This Independence Day, my family watched the movie 1776, a dramatic reminder of the birth of our nation, and the risks the founding fathers were taking to stand for freedom from tyranny. The Declaration of Independence was not just a piece of paper — it was a set of principles that was carefully crafted and debated, with at least one founding father resigning from Congress rather than participate in what he viewed as treason.
We carry the legacy of liberty two hundred thirty-six years later, and indeed, it is what makes our country great. Not perfect, but still an order of magnitude above so many oppressive regimes in the world. With this tradition of freedom so firmly etched into our national identity, it’s sometimes challenging to get the message that certain boundaries do make us healthier and happier.
We live in the land of endless choices: two hundred channels on cable, but nothing worthwhile to watch. Fifty varieties of pasta sauce on the grocery store shelf. Clothing in any color or style imaginable. Is this what our founding fathers fought for?
The most famous phrase in the Declaration of Independence is “life, liberty, and the pursuit of happiness.” Did you know that when it comes to choices, more is not always better? Dr. Barry Schwartz has done rigorous research in this area, and found that more options increase happiness — up to a point. Beyond that, we become increasingly anxious, or even paralyzed, by the number of choices we’re faced with.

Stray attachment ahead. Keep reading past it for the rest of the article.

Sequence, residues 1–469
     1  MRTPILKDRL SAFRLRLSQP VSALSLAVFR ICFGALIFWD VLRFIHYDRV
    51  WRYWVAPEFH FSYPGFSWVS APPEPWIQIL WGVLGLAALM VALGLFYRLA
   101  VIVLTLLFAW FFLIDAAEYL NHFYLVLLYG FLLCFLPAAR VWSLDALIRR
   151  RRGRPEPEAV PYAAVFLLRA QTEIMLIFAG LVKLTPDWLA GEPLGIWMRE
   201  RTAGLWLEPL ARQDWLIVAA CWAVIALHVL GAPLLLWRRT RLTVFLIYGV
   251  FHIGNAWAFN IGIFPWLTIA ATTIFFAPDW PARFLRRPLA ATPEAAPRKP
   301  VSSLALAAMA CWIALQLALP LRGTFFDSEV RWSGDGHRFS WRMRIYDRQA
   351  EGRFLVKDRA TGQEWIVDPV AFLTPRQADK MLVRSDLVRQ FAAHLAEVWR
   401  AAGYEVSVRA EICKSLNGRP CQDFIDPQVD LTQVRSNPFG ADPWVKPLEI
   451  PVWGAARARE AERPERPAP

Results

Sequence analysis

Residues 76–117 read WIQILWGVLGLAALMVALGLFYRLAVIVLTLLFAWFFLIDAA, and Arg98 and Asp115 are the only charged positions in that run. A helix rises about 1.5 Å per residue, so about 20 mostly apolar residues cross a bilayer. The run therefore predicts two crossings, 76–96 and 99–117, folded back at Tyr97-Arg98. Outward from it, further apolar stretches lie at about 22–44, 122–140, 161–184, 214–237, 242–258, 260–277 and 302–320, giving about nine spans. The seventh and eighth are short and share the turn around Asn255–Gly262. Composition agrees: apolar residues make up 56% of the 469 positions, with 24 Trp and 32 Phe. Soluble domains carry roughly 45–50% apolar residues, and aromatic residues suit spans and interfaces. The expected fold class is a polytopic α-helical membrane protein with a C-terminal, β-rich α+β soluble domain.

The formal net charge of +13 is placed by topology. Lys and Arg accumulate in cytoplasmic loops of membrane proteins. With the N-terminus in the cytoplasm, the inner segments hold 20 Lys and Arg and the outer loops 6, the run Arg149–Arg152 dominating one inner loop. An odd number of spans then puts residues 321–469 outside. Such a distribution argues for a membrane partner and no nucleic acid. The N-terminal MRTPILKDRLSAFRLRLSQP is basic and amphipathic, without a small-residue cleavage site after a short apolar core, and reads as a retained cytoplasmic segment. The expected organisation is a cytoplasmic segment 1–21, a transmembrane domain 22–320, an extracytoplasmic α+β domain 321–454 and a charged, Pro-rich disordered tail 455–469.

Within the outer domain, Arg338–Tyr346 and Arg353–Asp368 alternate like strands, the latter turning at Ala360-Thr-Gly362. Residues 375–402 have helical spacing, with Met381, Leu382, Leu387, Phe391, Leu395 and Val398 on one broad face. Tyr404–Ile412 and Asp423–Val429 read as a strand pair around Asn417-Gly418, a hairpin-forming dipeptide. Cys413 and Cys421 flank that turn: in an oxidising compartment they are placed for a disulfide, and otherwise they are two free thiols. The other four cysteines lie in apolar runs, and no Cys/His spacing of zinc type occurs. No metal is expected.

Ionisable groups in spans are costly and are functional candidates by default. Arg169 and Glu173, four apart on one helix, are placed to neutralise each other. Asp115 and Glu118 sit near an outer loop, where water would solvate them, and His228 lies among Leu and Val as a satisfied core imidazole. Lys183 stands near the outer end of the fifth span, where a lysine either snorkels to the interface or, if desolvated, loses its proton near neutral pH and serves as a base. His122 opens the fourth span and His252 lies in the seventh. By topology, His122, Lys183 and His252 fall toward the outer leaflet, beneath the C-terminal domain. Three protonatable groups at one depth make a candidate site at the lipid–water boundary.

With so many choices, we are led to believe (especially by the marketing industry) that there is some option out there that is perfect for us. Paradoxically, though, we often end up regretting what we chose, because we imagine that one of the other options out there might be better still.
In the area of health care, pharmaceutical companies advertise prescription drugs directly to consumers. Why market something to the general public that needs to be prescribed by a physician? So that we go to our medical doctor and demand that drug, rather than relying on the expertise of the doctor to prescribe what is best for our health.
We suffer from too many options — fast food, processed food, endless sources of electronic entertainment to deprive us of exercise and sleep. In this sense, naturopathic medicine is counter-cultural: a major principle we have is vis medicatrix naturae, or the healing power of nature. In other words, get back to the basics — simple, nourishing food, restful sleep, regular physical activity, and conscious methods of stress management. Discover how to fit these into your life, and be on constant guard for the seduction of excessive choice under the guise of “liberty,” that in reality detracts from our life and pursuit of happiness.